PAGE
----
The Australian Guide to Healthy Eating sets out how much we should eat from each of the food groups. If we eat the recommended number of “standard serves” from each food group for our age and sex, it puts us in a good position to have a healthy, balanced diet.
But what is a standard serve? And does it match what’s on our food labels?
Despite the name, standard serves are not very standard, even in the Australian Guide to Healthy Eating. Serves can be described by energy (kilojoules or kJ for short) contained in a serve, units of food such as “one medium apple”, or “one slice of bread”, by weight, or by volumes like a cup.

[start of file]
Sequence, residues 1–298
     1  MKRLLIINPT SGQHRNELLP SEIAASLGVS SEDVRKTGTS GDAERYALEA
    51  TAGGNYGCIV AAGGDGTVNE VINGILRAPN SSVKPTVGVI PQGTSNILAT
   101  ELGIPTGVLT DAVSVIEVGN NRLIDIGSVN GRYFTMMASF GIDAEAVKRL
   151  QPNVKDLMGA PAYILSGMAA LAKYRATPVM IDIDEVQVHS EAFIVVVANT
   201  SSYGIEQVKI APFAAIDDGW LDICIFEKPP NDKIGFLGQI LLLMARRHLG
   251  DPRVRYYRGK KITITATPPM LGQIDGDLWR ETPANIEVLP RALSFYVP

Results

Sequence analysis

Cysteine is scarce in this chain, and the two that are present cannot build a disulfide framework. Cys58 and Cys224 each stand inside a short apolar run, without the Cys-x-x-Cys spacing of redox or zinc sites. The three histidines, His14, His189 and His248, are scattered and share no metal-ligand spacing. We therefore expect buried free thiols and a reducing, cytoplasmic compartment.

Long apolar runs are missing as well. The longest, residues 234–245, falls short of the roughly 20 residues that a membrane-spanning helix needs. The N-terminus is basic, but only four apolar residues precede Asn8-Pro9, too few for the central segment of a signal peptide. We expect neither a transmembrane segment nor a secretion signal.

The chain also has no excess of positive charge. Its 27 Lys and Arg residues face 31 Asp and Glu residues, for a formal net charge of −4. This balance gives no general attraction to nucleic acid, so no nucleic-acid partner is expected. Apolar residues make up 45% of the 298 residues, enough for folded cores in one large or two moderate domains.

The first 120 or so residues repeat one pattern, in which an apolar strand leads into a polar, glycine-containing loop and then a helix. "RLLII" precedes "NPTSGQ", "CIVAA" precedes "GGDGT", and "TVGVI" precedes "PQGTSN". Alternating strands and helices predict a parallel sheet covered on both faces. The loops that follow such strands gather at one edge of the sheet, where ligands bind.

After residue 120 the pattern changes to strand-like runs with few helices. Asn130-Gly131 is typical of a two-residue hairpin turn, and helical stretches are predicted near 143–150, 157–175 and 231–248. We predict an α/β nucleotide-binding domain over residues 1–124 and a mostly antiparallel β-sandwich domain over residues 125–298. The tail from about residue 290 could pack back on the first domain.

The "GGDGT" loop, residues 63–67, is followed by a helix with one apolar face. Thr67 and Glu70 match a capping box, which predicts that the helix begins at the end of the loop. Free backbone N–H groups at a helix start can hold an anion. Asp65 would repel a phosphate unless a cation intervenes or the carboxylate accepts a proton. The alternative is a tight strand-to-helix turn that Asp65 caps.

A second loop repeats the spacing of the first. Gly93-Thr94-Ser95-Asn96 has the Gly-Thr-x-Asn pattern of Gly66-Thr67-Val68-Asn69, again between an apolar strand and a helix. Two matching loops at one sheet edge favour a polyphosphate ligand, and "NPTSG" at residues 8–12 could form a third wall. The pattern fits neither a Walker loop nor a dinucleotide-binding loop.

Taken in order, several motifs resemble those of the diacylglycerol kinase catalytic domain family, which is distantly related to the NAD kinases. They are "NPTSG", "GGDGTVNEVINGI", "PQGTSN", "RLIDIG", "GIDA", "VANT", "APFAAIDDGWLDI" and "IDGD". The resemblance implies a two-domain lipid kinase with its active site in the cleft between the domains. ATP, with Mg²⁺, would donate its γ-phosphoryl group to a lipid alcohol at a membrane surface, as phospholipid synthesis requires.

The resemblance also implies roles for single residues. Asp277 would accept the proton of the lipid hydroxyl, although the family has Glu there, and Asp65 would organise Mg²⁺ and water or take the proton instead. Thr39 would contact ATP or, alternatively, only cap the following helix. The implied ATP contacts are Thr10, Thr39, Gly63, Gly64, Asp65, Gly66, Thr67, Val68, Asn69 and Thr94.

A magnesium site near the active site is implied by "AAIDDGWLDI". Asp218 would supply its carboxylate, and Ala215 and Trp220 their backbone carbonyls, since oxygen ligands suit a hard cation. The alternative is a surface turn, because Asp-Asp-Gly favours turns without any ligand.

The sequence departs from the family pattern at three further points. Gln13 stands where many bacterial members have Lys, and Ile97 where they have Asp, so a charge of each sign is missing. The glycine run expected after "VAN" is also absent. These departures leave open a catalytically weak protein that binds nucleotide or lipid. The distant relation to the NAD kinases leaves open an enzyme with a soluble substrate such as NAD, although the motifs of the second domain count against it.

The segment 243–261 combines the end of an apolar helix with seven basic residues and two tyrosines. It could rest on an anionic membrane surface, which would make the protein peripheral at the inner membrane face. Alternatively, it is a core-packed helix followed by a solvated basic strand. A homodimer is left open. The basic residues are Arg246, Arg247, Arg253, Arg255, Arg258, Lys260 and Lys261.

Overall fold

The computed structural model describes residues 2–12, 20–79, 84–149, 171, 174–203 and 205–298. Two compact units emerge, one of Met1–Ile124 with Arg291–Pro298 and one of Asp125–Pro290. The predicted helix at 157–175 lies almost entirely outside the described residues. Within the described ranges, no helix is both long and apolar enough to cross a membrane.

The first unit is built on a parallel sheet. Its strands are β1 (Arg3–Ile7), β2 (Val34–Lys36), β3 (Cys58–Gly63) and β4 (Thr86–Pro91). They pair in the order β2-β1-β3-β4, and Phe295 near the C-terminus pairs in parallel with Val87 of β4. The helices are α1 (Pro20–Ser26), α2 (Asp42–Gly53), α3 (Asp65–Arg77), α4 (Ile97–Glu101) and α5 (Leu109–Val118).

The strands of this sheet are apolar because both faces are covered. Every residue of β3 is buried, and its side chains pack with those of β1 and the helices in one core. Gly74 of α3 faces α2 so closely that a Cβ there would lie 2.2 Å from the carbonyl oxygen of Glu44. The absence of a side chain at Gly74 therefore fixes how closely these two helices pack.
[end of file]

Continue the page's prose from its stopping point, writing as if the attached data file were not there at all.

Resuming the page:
A “serve” is also different between each of the food groups and even within the food groups.
One serve of grains is about 500kJ. That’s one English muffin but only half a bread roll. Or it could be half a cup of porridge, one-quarter of a cup of muesli, or three-quarters of a cup of wheat cereal flakes.
One serve of dairy is 500-600kJ, which could be one cup of milk, but is only three-quarters of a cup of yoghurt, or a half cup of ricotta cheese. Hard cheeses are defined by slices, with two slices to a serve, assuming each slice is about 20g.